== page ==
Two big ole’ bright spots are Teoscar Hernandez (yes, still), and Lourdes Gurriel Jr.

Teoscar has improved his HR count to three in just eight games this season, and has 10 RBIs. He is really really potent right now for the Blue Jays and adds pop to the #2 spot in the order with Donaldson out. No chance he gets sent down when Donaldson gets back off the DL – looking at you Randal Grichuk.

Lourdes Gurriel Jr., a name few are too familiar with is the brother of the Gurriel in Houston who just won the World Series. The 24-year old infielder from Cuba was nestled right behind Vlad jr. and Bo Bichette on Toronto’s farm system rankings and got the call up in game two of this series. Hitting in the nine spot, Gurriel nabbed two hits and three RBIs in his first game. He is hitting .273 avg in eleven appearances. Yet another bright spot in the youth department for Toronto.

Almost a month into the season Toronto sits second in the AL East with a 13-6 record, 1.5 games up on the Yankees. With some stable performances Toronto can absolutely continue on this track of possible post season success!


Blue Jays: What We Learned From a Series Split With The New York Yankees

Colour me surprised with the Blue Jays splitting the opening series against the new age Bronx Bombers, as Toronto hung in there with the predicted playoff squad. Toronto used a few different weapons to get the split, which is promising as the one trick pony Blue Jays of old, are now dead and gone. So what did we learn about the Blue Jays from the opening series of the season?

Kevin Pillar is a bad, bad man.

We all loved Superman in the outfield, but he showed off his multi-faceted offensive approach in this series. Pillar hit .462 in the first four games, with a .500 OBP. He scored the only run for the Jays in their season opener with a solo home run, netting his only RBI of the season.

What was most impressive was his three stolen bases in the series… which all came in the same game… in the same inning… and included a straight steal of home, too.

Pillar’s most enticing asset will always be his defence in centre field, but if he can string together some games with offensive production (1.269 OPS), the Jay’s will be able to surprise a lot more teams with depth offence. What has certainly helped is having Pillar hit later in the order. Previously shoe-horned into the lead off spot, Pillar is much more effective without the pressure to get on base.

Toronto’s Bullpen is For Real

Between Roberto Osuna, Ryan Tepera, Aaron Loup, and Seung Hwan Oh there have been zero earned runs, only two walks, and a combines six strike outs in seven innings of work. Tyler Clippard, Danny Barnes, and John Axford each have one earned run to their names, inflating their ERA stat, but have been serviceable and added a further eight innings of work out of the pen.

Tepera looks vintage. He delivered his pitches well with great location. Plus, with mid to high 90’s coming out of him, he completely messes with batters after seeing Estrada or Happ through 5+ innings before.

After a bit of a disappointing spring, Seung Hwan Oh has looked great in his two games played and two innings pitched against the Yankees. He has not allowed an earned run, and even has a save to his name following the series finale against the Yanks. He looks like the veteran that the Jays were after in their pen, calm, cool and able to work in versatile situations.

Osuna is great. Not sure why he didn’t get the chance to close when Oh went in the last Yankees game, but regardless he is stellar. In his first games of the season Osuna has not allowed a hit or a walk, adding an impressive strike out against Brett Gardiner. Three consecutive fastballs, three strikes, three different locations, all watched – it was an awesome out for Osuna to secure his first save of the season.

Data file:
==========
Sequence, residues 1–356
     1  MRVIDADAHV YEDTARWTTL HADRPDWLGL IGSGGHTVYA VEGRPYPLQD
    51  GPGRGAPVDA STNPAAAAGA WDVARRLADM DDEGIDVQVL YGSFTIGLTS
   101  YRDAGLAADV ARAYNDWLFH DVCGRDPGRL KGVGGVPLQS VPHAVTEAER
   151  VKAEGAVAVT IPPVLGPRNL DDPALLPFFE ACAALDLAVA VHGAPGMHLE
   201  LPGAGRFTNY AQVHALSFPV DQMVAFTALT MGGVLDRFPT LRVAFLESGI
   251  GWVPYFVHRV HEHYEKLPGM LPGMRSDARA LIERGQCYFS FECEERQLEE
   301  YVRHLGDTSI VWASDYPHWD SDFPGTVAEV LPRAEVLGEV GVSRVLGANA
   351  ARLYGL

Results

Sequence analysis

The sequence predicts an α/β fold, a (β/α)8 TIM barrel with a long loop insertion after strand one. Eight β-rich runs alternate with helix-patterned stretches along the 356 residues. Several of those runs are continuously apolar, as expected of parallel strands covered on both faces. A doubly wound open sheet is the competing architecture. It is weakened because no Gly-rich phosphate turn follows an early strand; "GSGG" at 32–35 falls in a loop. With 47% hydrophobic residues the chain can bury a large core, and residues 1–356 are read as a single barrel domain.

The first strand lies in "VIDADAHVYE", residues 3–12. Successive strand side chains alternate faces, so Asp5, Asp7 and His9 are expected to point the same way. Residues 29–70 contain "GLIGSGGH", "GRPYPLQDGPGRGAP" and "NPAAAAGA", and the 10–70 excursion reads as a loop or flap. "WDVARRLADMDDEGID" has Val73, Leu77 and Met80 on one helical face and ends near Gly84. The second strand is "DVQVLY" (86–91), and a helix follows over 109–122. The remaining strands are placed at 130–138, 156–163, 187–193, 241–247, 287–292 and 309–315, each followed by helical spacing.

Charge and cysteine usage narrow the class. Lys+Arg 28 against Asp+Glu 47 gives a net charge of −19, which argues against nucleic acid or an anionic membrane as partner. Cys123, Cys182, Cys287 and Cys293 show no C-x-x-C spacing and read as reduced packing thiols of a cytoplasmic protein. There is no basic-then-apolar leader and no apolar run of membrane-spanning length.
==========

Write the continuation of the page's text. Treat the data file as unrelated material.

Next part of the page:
The bullpen will need to keep sharp should the Jays see any sustained success this season. Their starters are good enough to put the team in contention in every single game, but the offence has less pop and will require lockdown pitching to secure games.

Smoak is on Fire

It’s only been four games, but Justin Smoak looks like the same player from his breakout 2017 season. He is currently the owner of ALL Blue Jays offensive stat categories, average (.467), home runs (2), RBIs (8), OBP (.529), and hits (7).

Delivering the offence for a team that has moved out its big boom sticks over the passed two seasons in Bautista and Encarnacion, Smoak is more valuable than just some errant home runs. What has been most impressive has been the spray on his hits; Smoak is using the whole field. A switch hitter by trade, Smoak his both of his home runs from the left side of the plate, and muscles them to opposite centre field. Clearly the big first base man is welcoming the shift defence this season.

A six RBI game is something special, even moreso when you add in hitting the game winning grand slam against a divisional opponent. Smoak will be relied on for his big bat in this line up, along side Donaldson and Granderson who also have some pop. But he truly is a valuable player on both sides of the ball, scooping low, off base throws to first, and ripping line drives out of the air down the line.


It has only been four games, I know, but its promising. What was most impressive in the four game series split for the Blue Jays is the adoption of the new culture of the team. They are not relying on three or four players to produce their offence, and are not running off of the idea of outscoring their problems.

The 2018 Jays have taken on a new persona, strong starting pitching, great relief pitching, and manufacturing runs. Sprinkle in some pop from Smoak and Donaldson, and they Jays have the ability to sneak up on teams around the league. The must frustrating part of playing in Toronto, the lack of access and credit just because of geography, may be the key to their success as they will be able to surprise their opponents. One thing is for sure, the Yankees won’t be taking the Blue Jays lightly this season.

Toronto Blue Jays Season Preview: The Good, The Bad, and The Ugly

With the MLB season just hours away from kicking off lets have a look at what could be in store for the Toronto Blue Jays this year.

The Good